3. Center the second reference star and note where the mount thinks it is pointing now. The discrepancy in the declination reading after recentering is the equivalent of the declination drift for the time period (which can be calculated as the difference in the right ascension coordinates of the two reference stars used).

More formally:

Where:

are the declination and right ascension coordinates of the first reference star.

are the declination and right ascension coordinates of the second reference star.

are the coordinates of the mount after recentering the second reference star.

In practice, measuring the declination deviation with stars is difficult to achieve with good accuracy. This is because any move in declination is subject to gear play, or backlash. Thus the resulting measurement may not account for declination deviation, but may also contain a backlash error component. Plate solving can help us solve that problem since no move in declination will be necessary.

Plate solving is an innovative technique whereby a digital
image of the night sky is subjected to a plate-solving algorithm, which can
determine, very accurately, the coordinates at the center of the image. Usually an
estimate of these coordinates as well as the image scale are required as inputs
to the algorithm.

Plate solving software can be used to
automate measurement by moving only in right ascension. The procedure is similar to the manual
procedure except that recentering the second reference star is not needed as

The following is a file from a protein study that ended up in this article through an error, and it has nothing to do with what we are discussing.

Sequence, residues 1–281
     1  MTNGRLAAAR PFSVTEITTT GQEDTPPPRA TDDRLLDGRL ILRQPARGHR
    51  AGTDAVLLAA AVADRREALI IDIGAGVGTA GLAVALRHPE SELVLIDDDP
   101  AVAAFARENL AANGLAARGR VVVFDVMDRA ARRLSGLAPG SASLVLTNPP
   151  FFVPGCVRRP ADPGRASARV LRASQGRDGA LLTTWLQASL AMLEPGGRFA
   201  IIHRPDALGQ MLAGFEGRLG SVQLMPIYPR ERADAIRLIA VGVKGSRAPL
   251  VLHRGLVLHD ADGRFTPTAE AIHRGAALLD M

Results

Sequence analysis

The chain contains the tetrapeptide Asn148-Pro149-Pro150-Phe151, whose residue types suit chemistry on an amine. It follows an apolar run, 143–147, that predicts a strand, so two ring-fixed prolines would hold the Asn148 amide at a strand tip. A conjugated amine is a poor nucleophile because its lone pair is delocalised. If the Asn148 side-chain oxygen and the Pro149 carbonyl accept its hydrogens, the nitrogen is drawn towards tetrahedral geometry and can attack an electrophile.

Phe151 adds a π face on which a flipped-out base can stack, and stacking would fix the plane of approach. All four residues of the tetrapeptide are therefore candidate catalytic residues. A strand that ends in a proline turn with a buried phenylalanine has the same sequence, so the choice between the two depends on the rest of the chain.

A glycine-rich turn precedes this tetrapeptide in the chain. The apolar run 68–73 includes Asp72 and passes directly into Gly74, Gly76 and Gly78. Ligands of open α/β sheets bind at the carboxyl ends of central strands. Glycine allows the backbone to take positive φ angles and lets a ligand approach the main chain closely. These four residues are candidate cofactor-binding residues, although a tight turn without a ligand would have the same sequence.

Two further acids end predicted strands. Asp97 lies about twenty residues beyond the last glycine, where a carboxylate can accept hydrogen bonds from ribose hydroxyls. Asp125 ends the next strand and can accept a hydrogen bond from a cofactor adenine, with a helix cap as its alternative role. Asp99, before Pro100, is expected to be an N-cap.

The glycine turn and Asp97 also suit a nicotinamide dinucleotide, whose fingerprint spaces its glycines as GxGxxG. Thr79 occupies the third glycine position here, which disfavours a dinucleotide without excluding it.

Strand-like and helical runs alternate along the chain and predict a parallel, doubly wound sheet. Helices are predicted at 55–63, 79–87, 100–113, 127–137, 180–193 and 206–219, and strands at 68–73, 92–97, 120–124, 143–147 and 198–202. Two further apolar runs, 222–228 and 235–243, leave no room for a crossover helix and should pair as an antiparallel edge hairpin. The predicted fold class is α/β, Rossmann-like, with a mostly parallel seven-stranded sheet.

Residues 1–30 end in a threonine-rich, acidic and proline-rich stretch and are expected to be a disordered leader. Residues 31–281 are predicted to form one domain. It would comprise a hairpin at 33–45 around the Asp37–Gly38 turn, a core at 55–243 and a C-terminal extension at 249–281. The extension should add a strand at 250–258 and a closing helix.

the plate solve at the second location reveals the declination deviation. Here is the procedure:

1. Point the mount at a point near the optimal measurement location.

2. Take an image and plate solve its coordinates.

3. Synchronize the mount to these coordinates. As noted above it is important that the mount’s pointing model be disabled for the procedure to work successfully.

4. Now move the mount in right ascension by some arbitrary amount. The movement should be short enough to remain close to the optimal measurement location, but be great enough to accurately measure the deviation. A movement of 15 to 30 minutes should suffice. The coordinates of the second location are simply: , where is the shift in right ascension and corresponds to the time of the measurement. Note that we do not want to move at all in declination.

5. Take a second image at this location and plate solve its coordinates. The declination difference between the second location and the plate solved coordinate is the deviation we seek: , where is the declination coordinate from the plate solve.

Note that centering on a star is not required for either location. That is the beauty of plate solving. We can point at arbitrary points in the night sky and get very accurate coordinates.

In his 1879 work, *Lectures
on Practical Astronomy and Astronomical Instruments*, Challis used
declination drift measurements to determine the magnitude of both altitude and